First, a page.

Green shoots of hope with more Covid-19 vaccines coming
March 03 2021 12:29 AM
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The world’s long-term war against the pandemic has got yet another reassuring shot in the arm with US regulators approving the Johnson & Johnson vaccine, the third to get the nod in the country. 
Results from a trial of about 44,000 participants show the J&J vaccine, the first major single-shot jab, was 66% effective in preventing moderate-to-severe Covid-19 globally.
The level of protection was 72% in the US after 28 days.
The J&J as well as Pfizer/BioNTech and Moderna vaccines differ on some fundamental factors.  
The J&J vaccine involves a more conventional approach, using a common cold virus to introduce coronavirus proteins into cells to trigger an immune response.
But Pfizer/BioNTech and Moderna vaccines use the new messenger RNA technology to mimic the virus attack, both requiring two shots. 
J&J’s vaccine could stay stable for at least three months at normal refrigerator temperatures, while the Moderna vaccine must be shipped frozen and the Pfizer/BioNTech must be shipped and stored at even colder sub-Arctic temperatures.
The bottom line: The J&J jab could make it easier to vaccinate larger numbers of people, especially in areas with poor transportation and storage infrastructure.
Here’s the key question in the early stages of vaccinations to fortify human defences against Sars-CoV-2 (the virus that causes Covid-19 disease): Will vaccines eliminate Covid-19 completely?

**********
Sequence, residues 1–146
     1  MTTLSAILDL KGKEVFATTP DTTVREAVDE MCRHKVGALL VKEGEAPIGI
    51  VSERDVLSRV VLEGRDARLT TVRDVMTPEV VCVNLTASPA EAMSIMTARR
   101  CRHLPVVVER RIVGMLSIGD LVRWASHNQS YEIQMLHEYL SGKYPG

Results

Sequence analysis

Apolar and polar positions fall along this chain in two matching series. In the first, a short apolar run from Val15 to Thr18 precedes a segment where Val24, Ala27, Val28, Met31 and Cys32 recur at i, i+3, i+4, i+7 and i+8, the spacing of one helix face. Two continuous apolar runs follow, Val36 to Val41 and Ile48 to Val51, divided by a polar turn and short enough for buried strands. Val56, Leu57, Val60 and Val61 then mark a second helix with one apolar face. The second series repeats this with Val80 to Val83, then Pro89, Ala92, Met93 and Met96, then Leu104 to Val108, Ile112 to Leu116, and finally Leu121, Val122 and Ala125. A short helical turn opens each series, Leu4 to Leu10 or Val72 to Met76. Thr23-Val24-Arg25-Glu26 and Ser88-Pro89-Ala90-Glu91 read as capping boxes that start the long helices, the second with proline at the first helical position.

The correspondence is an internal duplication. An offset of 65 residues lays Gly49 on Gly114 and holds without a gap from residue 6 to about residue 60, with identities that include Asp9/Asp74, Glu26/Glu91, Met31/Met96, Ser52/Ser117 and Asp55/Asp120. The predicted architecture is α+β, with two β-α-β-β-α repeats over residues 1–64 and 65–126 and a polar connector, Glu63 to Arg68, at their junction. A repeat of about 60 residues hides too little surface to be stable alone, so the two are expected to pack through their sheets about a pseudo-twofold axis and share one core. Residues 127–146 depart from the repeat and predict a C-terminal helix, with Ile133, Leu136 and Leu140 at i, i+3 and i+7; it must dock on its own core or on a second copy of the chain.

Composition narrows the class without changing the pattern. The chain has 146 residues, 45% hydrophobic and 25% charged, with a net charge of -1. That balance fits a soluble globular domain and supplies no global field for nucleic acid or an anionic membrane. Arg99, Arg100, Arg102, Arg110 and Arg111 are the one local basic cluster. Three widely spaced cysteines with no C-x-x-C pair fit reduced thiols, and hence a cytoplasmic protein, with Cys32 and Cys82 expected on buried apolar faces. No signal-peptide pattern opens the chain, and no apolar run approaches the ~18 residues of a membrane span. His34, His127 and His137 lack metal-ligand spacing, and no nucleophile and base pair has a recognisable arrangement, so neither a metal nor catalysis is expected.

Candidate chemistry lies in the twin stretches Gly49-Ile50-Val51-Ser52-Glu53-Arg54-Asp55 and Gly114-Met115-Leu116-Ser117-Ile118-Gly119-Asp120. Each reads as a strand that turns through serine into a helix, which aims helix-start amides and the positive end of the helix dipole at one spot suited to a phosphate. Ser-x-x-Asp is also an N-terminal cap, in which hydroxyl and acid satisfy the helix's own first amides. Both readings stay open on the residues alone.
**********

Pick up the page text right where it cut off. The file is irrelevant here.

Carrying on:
For perspective, only one human disease – smallpox – has been officially eradicated so far. 
Smallpox was stamped out thanks to a highly effective vaccine and the fact that humans are the only mammals that are naturally susceptible to infection. 
In comparison, Sars-CoV-2 is thought to persist in horseshoe bats, and has been known to infect minks, cats, gorillas and other animals. Wiping out the virus would require banishing it from every susceptible species, which isn’t feasible. 
In countries that have successfully suppressed Covid-19 cases, disease elimination has been proposed instead.
Although international groups and a number of nations are promising to make vaccines affordable and accessible to all, doses will likely struggle to keep up with demand in a world of roughly 7.8bn people. 
Also, none of the vaccines authorised in Western countries have been approved for children. It means, as of now, children are now included in the population needed to be protected.
As a matter of fact, even after the entire global population is inoculated, the virus may still loiter around in small clusters.
But some scientists have predicted that, once the endemic phase is reached and primary exposure to the virus is in childhood, Sars-CoV-2 may be no more virulent than the common cold.
Make no mistake, the world’s long-drawn war against Covid-19 is fought with lots of ifs and buts. That’s not because Sars-CoV-2 is exceptionally fatal, but it still remains exceptionally insidious.
Dr Anthony Fauci, the US government’s top infectious-disease expert, sounds optimistic. 
“The looming question is, if the person who’s been vaccinated gets infected, does that person have the capability to transmit it to another person? Some studies are pointing in a very favourable direction,” he said in a White House briefing last week.
All said, vaccines are our best defence against the deceptive pathogen.



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